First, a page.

Grinding your teeth or clenching of your jaws are often cited as the primary causes of TMJ. In fact, grinding and clenching occur in two ways: (1) self-induced grinding, which can be controlled througl-i your own effort, and (2) any damage from an earlier dental or oral procedure, which can be professionally adjusted. However, any extensive grinding adjustments by a dentist should be conducted after no fewer than two independent professional opinions, since occlusal adjustment through teeth grinding is often cited as a cause of TMJ. You can help yourself by making a conscious effort to keep your jaws relaxed (lips together, teeth apart) and not clenching your teeth and jaws while performing lifting or other exertions.

Here are some additional self-help tips to prevent damage to your jaw joints and to your musculo-skeletal system in general:


Recognizing the SYMPTOMS

There are a wide variety of signs and symptoms indicative of TMJ. Typically, a TMJ diagnosis is made after the patient complains of dysfunction or pain in the head, face, neck, and shoulders. However, pain and dysfunction in other parts of the body-that are seemingly unrelated-can also be a part of or the result of TMJ.

Symptoms of TMJ include pain and dysfunction that can radiate throughout the entire body, multiple headaches, and pain in the face, sinuses, ears, eyes, teeth, neck muscles, back, and leg cramps. Clicking and grating in the jaw joints, inability to open or close the mouth freely, and difficulty in chewing and swallowing are also often evident. All of these pain and dysfunction symptoms can be temporary or chronic (continuing for longer than six months) or intractable (never-ending).

If you have any of these symptoms, your primary care physician or dentist should be consulted. If unable to help you at an early stage, it becomes incumbent on him or her to assist you in finding qualified practitioners who will use conservative treatment methods, are compassionate, and do not channel you automatically or unfairly into a psychological or pharmaceutical treatment program.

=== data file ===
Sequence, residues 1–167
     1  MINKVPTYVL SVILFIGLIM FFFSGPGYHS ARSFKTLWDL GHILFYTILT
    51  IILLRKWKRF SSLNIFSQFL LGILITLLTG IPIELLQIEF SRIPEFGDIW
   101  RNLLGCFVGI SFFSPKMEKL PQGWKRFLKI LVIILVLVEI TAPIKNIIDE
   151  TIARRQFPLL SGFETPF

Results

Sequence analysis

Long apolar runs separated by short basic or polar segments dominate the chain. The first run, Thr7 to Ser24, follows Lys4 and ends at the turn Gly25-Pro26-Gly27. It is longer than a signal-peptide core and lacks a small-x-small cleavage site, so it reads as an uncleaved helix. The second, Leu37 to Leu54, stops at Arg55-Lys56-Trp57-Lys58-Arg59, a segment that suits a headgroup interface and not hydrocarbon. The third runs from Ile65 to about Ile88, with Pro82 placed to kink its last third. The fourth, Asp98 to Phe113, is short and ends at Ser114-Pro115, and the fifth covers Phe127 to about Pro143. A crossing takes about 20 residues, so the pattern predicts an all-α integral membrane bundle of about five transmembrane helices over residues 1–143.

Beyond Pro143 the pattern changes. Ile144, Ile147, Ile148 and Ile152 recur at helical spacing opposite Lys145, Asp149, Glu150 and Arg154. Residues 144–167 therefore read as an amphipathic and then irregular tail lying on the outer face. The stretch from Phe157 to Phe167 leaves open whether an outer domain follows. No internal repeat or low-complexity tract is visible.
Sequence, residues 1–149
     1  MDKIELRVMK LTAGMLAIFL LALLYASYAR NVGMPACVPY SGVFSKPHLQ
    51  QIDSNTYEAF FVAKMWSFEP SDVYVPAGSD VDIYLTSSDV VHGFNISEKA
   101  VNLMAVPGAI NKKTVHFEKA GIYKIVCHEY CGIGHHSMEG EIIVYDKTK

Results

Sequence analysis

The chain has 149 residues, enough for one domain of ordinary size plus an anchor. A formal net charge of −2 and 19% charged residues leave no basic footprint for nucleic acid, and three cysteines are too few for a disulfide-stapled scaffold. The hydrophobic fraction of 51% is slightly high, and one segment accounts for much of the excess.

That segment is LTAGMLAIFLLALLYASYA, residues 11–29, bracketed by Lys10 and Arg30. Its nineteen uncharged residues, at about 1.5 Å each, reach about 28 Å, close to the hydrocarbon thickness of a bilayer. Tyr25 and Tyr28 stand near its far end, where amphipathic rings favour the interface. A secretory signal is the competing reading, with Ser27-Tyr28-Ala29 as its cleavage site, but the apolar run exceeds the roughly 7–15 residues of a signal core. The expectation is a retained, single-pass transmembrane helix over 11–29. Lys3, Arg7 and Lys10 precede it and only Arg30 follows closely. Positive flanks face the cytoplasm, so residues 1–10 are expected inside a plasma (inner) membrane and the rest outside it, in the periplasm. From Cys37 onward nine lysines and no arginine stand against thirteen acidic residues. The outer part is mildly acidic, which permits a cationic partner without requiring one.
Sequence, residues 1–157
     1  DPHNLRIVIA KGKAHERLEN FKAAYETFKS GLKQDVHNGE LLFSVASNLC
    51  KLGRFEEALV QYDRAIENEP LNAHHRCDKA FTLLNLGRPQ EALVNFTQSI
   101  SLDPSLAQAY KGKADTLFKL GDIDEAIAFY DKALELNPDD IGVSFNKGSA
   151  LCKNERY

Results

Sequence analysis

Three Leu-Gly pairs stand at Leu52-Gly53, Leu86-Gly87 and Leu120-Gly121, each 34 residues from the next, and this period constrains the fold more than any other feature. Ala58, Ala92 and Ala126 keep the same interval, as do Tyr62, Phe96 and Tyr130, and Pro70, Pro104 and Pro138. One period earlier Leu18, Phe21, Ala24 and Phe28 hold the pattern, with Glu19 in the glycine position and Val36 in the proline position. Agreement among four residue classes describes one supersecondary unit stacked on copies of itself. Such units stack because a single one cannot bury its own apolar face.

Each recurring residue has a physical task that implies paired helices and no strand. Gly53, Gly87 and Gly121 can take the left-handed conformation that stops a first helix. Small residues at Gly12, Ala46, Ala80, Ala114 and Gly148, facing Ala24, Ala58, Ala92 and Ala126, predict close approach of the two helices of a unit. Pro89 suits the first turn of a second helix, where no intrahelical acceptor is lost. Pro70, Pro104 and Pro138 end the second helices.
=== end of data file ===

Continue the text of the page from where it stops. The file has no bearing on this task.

Diagnosing "The Great Impostor"

This vast variety of symptoms makes a correct TMJ diagnosis difficult. Additionally, most TMJ symptoms mimic and overlap many other disorders, such as Myofascial Pain, Fibromyalgia, and Chronic Fatigue Syndrome. Compound this with the lack of universally accepted scientific research, and TMJ has acquired the name of "The Great Impostor," and has been described in the press as "A Medical Mess."

Correctly diagnosing TMJ remains a medical and dental challenge. Hand in hand with physically examining the symptoms, X-rays and MRIs (Magnetic Resonance Imaging) are increasingly effective in successful diagnosis. MRIs are an effective (non-X-ray) imaging technique to look into these joints and their surrounding, soft tissues, and are considered "the Gold Standard."

Correct diagnosis is the first step to effective treatment, so it is essential to secure at least two independent opinions before any therapy begins. When seeking a diagnosis, it is important to seek out health care practitioners who believe your symptoms have a physical, not a psychological, basis. These practitioners typically begin therapy with conservative, non-invasive, reversible treatments. They also should provide you with written information about their recommended procedures, including the benefits and possible side effects or adverse long-term consequences. These practitioners should be willing to connect you with other patients or to support groups for people who share similar pain and dysfunction.


About Treatment

All treatments and exercise programs are intended to help you by strengthening the muscles, improving range of motion, or promoting relaxation for general well-being. But because there is so much variability in the TMJ disorder and in your own body's ability to adapt or to cope, it is difficult to suggest which treatments are best for you. It is possible that you will have to expect a "trial and error" period. Ultimately, you will have to decide for yourself which treatments, if any, are best for you. There is a school of thought which maintains that 90 percent of all signs and symptoms will go away on their own or with minimal self-care or very conservative treatment. But, you must use caution since there is a risk that your symptoms can worsen if this minimal regimen is not right for you.